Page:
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Page:Notes and Queries - Series 12 - Volume 10.djvu/43

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1-2 S. X.JAN. 14, 1922.] NOTES AND QUERIES. 29 Colchester . . . . James Blithe. Dorchester . . . . Robert Gaylavd. Dublin . . . . Richard Gunne. Durham . . . . Mr. Freeman. Evesham . . . . Mr. Loveday. C Philip Bishop. Exon . . . . < John Marsh. (.Edward Score. Hereford . . . . James Wilde. Hull Thomas Ryles. Leeds . . . . John Swale. T eicester Mr - Heartshorn. ' { Simon Marten. Lichfield . . . . Michael Johnson. Lincoln . . . . Mr. Knight. Manchester . . . . Mr. Clayton. Newcastle . . . . Rich. Randall. Northampton . . John Fowler. Nottingham . . . . Will. Ward. ("H. Clements, senior. Oxford . . . . ] Anth. Peisly. (J. Wilmot. Peterborough . . Mr. Bouchier. Plymouth . . . . Mr. Smithurst. St. Edmundsbury . . Ralph Watson, ]un. Sher bourne . . . . John Cook. Whitchurch . . . . Mr. Taylor. Wolverhamptoii . . George Unite. Worcester . . . . J. Montford. York Francis Hildyard. John Walker (1674-1747) appears to have belonged entirely to Devon. But he must have had friends in Essex, for about fifty of his subscribers lived in Colchester. It is worth notice that no Bristol bookseller is mentioned in the foregoing lists. Richard Brickdale of Bristol, grocer, did subscribe for Walker's ' Sufferings.' Manchester, on the other hand, was almost a village in the time of Queen Anne, yet it had a book- seller. RICHARD H. THORNTON. EDWARD FITZGERALD : E. F. G. Those who claim to know most about the transla- tor of Omar Khayyam have told us that it is wrong to write " Fitzgerald " with a small " g," as the abbreviation " E. F-G. " suggests. Lately, however, a Cambridge friend who comes from Woodbridge showed me a series of FitzGerald's signed notes extending over several years, and they do not support the assumption that he never wrote " Fitzgerald." Indeed, that form seems his latest choice in the way of spelling. In 1879 he wrote his name with a big " G " in the middle of it. In the later autographs the

  • ' G," so far as I and my friend can discern, is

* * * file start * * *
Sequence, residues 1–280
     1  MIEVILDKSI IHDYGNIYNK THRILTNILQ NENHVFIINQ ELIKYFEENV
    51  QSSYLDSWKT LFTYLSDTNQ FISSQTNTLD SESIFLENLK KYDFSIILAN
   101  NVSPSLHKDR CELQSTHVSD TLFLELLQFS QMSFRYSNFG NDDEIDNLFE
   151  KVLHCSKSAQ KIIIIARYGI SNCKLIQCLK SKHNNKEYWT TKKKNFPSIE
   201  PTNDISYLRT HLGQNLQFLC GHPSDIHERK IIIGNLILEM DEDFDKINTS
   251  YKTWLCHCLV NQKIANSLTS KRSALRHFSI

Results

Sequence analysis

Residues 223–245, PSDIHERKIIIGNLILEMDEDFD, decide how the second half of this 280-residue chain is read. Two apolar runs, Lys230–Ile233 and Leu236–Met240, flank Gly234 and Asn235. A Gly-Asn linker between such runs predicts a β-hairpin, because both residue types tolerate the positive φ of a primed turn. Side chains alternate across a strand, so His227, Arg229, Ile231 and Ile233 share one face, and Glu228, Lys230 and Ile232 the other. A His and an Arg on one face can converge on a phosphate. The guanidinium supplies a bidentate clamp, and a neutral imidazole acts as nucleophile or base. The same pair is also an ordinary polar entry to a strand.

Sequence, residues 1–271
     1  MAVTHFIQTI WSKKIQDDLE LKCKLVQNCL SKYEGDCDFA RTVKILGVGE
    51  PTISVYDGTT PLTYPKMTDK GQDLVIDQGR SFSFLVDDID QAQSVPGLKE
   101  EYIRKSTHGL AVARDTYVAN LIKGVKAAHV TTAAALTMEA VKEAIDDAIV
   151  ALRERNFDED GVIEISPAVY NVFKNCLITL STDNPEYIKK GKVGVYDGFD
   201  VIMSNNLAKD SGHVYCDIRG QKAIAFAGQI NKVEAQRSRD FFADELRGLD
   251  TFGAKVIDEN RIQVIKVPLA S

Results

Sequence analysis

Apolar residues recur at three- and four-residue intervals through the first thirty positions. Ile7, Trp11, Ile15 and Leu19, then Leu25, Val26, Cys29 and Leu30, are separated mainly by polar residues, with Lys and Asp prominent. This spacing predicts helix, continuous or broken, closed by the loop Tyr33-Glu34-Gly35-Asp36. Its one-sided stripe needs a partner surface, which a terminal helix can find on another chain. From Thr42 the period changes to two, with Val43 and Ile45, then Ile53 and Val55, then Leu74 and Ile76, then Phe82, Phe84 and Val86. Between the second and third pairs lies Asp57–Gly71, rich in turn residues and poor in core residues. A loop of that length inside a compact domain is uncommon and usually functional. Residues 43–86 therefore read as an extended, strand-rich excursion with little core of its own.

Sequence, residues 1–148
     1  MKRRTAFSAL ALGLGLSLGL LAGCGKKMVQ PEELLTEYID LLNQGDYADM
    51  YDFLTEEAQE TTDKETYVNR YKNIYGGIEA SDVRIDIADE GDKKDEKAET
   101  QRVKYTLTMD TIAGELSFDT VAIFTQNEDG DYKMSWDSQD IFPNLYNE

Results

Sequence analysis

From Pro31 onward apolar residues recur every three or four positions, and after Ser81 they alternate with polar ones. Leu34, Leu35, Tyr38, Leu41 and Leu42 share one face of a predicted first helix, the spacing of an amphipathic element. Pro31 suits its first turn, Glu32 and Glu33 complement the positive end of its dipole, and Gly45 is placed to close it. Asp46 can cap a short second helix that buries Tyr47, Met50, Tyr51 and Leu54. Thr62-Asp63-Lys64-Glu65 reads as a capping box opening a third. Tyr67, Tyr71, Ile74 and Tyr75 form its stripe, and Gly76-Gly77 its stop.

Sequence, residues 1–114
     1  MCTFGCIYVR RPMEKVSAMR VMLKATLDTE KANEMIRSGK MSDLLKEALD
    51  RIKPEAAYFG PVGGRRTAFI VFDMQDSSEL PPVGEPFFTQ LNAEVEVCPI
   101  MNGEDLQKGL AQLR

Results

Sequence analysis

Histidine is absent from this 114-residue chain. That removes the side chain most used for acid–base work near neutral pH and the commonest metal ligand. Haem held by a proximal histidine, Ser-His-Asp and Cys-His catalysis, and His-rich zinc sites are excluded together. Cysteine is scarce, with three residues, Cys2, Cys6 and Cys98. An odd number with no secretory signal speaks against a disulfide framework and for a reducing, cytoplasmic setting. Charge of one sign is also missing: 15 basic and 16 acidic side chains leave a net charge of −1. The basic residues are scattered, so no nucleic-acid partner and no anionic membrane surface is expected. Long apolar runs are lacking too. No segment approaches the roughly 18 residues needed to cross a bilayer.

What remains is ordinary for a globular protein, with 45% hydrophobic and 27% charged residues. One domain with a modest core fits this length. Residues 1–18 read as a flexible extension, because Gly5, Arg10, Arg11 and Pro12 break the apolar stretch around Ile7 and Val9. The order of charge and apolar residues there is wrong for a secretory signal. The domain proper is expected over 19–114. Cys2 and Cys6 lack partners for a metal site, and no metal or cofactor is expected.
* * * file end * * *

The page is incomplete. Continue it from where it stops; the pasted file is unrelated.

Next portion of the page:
a small one. Similarly he wrote " Little- grange " the name of his house in his last years as one word continuously with a small " g," whereas he had written it earlier as "Little Grange." The first mention of the house in his ' Letters to Fanny Kemble ' is in 1874, p. 43 ; and on the same page is a reference to " such a delicious bit " of Spedding's in ' N. & Q.' The notes I have seen show that the writer's fondness for capital letters was not confined to his published works. V. R. APPRENTICES TO AND FROM OVERSEAS. The Apprentice Books recently discovered in the vaults of Somerset House should prove of great interest to all Americans anxious to trace their connexion with the Old Country. In a search extending over some months many American names have been noticed : Taft, Washington, Garfield, Francklin, House, Baxter, Lincoln, Page, &c. These records also give particulars of American boys apprenticed in England, as instance : 5 June 1717. Leon Augustus son of Leon Augus- tus Carter, late of York River in Gloucester County in ye Province of Virginia, Planter, apprenticed to James Debraufree, Citizen and Clockmaker. Consideration 25. (Inland Revenue 1/6-136.) English boys apprenticed to Americans are also to be found : 22 Aug. 1728. James son of Thomas Penn of Chipping Wycomb, Bucks, apprenticed to John Harding of ye Province of Pensilvania, Miller. (Inland Revenue 1/6-81.) It may be as well to state that these registers of apprenticeships are a record of the tax levied on indentures at the rate of sixpence in the pound for sums under 50, and one shilling for sums over 50, the period covered being from 1710-1810, parentage being given in most cases down to 1752. Scotland and Wales are included in this return, but not Ireland. The genealogical value of this record is immense, as it forms a central register of parentage for a large proportion of our population, many years before the birth records at Somerset House commence. It only remains to say that the Society of Genealogists of London is making an alphabetical digest of these apprenticeship lists, and has already reached the year 1716. GERALD FOTHERGILL. 11, Brussels Road, New Wandsworth, S.W.U. INEQUALITY or POSTAL RATES. There are less curious facts than this recorded for the information of posterity : At Christmastide, 1921, it was possible to send a printed card to Uganda for a half- penny, whereas if you addressed a like communication to your next-door neigh- bour, Government would not carry it to him for less than a penny. ST. SWITHIN.